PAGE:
You don't have to fight dragons, protect princess', and defeat aliens to be a hero. By definition a hero is a person who is admired or idealized for courage, outstanding achievements, or noble qualities and Shannon Wells of the Kansas City Pet Project is all the above! Shannon does a little bit of everything for Kansas City Pet Project (which has saved nearly 45,000 animals since they took over the shelter in 2012) but most importantly she started their shelter's Parvo ward.
Canine Parvovirus (Parvo) is a disease commonly found in puppies that attacks either the intestines or the hearts muscles resulting in diarrhea, weight loss, or death depending on severity! The ward is very proficient and have around a 90% save rate of all the Parvo plagued puppies that they receive.
Shannon does this because it's a passion of hers to save dogs from this hearty disease and this noble and selfless act is exactly why she received the 2018 Petco Foundation's Unsung Hero Award.
The Petco Foundation honors lifesaving animal welfare heroes and published an article announcing all of the award winners who were picked due to their innovation, compassion and action in saving animals' lives. Among these giants were National Disaster Search Dog Foundation from Santa Paula, California receiving the Helping Heroes Award, Front Street Animal Shelter from Sacramento, California accepting the Innovation award for its "life saving solution to reunite lost pets with their families", Steven Latham of Shelter Me receiving the award for Love Amplified who was acknowledged for their spectacular marketing techniques, and many more wonderful awards presented to wonderful causes.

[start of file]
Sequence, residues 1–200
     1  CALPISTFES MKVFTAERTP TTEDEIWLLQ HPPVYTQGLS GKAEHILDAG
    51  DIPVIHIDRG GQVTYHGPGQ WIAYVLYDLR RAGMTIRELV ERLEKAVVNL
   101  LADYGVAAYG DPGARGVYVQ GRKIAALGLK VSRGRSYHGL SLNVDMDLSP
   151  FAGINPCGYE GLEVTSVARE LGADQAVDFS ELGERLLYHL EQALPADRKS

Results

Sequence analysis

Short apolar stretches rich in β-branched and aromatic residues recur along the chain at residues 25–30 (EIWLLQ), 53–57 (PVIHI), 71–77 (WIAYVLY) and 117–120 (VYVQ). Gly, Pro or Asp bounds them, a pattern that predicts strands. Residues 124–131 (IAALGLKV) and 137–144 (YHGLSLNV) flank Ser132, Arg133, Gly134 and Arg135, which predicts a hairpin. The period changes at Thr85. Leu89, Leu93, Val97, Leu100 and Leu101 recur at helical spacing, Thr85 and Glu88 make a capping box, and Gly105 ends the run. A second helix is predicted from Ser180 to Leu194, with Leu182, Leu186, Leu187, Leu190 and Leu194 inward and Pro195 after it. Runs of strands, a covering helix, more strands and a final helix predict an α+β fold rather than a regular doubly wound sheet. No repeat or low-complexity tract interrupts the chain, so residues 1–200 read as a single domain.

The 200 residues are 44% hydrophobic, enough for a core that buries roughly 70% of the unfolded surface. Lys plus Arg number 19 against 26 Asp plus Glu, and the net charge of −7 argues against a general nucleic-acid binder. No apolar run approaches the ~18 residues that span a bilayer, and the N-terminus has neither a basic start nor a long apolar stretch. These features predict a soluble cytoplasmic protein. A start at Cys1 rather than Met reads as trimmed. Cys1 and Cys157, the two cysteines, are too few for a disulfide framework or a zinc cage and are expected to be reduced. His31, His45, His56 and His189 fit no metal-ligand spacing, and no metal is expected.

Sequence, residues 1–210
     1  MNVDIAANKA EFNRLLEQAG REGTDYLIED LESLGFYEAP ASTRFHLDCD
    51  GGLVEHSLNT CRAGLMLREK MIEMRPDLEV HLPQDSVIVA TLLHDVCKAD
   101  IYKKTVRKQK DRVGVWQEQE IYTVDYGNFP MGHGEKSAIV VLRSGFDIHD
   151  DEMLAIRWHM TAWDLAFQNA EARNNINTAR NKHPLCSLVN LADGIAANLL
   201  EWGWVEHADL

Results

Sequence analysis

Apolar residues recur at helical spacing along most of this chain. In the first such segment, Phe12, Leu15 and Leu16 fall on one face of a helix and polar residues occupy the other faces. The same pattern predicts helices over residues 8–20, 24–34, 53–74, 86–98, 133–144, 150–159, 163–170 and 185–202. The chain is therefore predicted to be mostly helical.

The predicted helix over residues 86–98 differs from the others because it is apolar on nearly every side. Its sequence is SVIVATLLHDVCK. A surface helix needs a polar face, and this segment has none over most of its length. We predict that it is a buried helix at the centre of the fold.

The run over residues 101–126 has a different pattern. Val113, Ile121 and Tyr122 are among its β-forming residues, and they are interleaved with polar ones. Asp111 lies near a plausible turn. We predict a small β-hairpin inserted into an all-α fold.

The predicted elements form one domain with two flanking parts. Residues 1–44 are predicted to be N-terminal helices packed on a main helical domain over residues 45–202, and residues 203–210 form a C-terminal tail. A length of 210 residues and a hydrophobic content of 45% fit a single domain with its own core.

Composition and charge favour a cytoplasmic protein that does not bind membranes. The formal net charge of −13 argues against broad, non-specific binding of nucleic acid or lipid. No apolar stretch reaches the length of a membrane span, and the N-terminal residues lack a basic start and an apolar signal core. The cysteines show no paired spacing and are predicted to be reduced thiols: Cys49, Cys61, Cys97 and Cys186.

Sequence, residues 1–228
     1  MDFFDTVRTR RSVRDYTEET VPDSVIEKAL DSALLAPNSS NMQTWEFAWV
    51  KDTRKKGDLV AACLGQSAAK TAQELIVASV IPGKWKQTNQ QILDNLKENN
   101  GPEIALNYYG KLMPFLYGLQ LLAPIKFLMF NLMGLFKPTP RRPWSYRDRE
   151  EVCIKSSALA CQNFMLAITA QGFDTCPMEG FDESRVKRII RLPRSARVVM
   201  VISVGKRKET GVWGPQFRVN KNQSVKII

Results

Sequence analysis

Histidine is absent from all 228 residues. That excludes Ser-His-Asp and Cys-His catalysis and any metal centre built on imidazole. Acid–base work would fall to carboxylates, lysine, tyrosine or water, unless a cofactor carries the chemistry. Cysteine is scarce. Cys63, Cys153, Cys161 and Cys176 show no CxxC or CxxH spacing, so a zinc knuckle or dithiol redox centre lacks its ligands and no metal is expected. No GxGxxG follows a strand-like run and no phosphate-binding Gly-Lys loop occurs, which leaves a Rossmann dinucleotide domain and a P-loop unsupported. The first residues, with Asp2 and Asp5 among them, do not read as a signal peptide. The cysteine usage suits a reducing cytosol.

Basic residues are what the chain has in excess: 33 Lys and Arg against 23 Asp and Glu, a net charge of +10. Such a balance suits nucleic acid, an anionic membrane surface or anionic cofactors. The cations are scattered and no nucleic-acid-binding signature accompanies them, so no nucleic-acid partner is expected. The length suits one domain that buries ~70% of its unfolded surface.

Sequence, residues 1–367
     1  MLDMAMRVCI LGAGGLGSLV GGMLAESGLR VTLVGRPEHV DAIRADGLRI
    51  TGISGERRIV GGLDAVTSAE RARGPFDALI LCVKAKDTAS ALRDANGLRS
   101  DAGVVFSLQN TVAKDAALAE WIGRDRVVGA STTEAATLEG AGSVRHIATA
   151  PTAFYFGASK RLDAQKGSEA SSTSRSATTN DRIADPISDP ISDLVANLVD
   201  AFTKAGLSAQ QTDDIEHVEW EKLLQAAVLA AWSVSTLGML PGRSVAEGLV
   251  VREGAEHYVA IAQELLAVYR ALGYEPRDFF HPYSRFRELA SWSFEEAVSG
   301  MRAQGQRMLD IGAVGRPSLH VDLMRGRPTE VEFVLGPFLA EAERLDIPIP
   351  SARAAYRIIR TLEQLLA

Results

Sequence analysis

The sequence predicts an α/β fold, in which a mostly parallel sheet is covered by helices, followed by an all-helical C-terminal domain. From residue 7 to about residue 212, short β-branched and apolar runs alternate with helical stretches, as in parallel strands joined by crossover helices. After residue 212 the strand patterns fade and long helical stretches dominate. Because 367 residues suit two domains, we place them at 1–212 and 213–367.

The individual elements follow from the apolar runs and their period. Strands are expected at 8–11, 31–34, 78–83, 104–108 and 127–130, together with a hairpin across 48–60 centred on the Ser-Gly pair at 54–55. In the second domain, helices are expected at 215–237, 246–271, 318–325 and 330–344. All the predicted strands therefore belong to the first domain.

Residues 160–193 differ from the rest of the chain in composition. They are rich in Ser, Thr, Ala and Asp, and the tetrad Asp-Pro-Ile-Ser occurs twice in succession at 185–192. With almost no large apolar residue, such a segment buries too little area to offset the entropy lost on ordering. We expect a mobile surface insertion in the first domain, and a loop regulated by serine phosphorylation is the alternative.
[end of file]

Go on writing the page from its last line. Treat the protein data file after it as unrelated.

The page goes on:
The beauty of this award ceremony is that all of these different and innovative acts are being put toward the same struggle and these usually faceless heroes are finally being recognized for the valiant efforts and in the process of these dogs being saved, they're saving the people who are saving them by bringing their life joy and accomplishment. In a world where homeless animals outnumber homeless people 5 to 1, each year around 2.7 million dogs and cats are killed every year from shelters being too full, where only 1 out of every 10 dogs born will find a permanent home we need more people who defended these animals and their wellbeing.
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